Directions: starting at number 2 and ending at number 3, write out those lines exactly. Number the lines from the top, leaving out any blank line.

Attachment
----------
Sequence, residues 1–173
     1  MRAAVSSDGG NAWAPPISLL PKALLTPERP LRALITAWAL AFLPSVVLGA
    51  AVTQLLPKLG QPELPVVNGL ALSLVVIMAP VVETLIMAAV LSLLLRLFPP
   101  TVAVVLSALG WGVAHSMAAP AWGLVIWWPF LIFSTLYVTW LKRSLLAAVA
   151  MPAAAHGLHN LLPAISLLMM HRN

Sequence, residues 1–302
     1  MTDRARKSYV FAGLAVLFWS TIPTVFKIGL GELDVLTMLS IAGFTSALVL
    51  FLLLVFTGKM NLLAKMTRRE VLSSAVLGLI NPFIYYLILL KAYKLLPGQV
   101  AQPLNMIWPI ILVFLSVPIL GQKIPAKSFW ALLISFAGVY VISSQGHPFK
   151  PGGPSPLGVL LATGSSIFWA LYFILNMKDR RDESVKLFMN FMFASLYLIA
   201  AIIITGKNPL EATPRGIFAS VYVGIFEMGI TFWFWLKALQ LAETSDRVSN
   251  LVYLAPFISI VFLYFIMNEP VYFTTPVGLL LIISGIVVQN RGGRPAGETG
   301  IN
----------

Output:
     1  MRAAVSSDGG NAWAPPISLL PKALLTPERP LRALITAWAL AFLPSVVLGA
    51  AVTQLLPKLG QPELPVVNGL ALSLVVIMAP VVETLIMAAV LSLLLRLFPP